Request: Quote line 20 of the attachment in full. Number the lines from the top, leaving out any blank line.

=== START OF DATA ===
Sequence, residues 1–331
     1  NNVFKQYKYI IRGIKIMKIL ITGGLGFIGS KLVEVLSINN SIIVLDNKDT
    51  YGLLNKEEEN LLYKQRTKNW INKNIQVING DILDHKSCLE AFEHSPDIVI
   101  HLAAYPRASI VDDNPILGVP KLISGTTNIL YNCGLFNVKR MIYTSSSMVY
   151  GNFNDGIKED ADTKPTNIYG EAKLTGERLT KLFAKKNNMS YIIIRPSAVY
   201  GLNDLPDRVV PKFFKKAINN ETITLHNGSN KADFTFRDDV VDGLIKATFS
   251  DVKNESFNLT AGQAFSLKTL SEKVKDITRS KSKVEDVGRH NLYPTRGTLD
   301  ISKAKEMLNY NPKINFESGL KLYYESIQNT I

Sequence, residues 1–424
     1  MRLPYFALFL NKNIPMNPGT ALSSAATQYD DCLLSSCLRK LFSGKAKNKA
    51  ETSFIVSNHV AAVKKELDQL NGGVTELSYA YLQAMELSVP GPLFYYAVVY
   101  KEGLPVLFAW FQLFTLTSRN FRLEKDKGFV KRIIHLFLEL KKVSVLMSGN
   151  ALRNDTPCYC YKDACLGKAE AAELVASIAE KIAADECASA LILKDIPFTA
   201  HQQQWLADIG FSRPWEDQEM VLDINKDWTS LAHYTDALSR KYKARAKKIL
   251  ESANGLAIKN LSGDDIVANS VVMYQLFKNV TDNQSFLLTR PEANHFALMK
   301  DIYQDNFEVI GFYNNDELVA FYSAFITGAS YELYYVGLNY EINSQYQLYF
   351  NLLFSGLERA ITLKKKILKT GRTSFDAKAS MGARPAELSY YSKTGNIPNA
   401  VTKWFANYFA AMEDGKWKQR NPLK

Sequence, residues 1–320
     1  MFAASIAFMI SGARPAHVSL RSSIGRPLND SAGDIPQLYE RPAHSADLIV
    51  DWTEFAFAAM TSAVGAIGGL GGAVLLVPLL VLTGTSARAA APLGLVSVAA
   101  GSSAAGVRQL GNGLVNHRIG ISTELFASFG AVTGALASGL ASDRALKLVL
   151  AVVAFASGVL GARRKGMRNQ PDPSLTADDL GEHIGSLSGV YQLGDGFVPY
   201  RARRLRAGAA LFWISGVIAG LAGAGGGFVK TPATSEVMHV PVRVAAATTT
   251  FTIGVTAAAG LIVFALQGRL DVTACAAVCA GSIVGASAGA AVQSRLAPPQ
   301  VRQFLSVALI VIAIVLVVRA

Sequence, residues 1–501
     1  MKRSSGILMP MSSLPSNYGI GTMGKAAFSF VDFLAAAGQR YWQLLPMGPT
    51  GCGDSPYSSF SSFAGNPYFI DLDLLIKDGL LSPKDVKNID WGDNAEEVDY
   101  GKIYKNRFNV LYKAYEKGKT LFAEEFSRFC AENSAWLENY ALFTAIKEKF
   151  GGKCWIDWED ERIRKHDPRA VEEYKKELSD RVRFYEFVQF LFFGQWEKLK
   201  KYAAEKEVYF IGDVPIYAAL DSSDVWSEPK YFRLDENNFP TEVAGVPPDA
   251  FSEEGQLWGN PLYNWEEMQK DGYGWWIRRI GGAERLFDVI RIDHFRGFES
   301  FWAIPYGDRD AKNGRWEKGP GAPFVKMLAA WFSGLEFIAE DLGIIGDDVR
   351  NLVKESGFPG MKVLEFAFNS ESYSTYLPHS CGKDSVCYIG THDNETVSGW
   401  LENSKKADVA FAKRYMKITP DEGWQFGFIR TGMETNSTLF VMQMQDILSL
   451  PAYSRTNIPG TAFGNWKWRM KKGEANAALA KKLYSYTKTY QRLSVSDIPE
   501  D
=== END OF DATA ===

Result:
     1  MFAASIAFMI SGARPAHVSL RSSIGRPLND SAGDIPQLYE RPAHSADLIV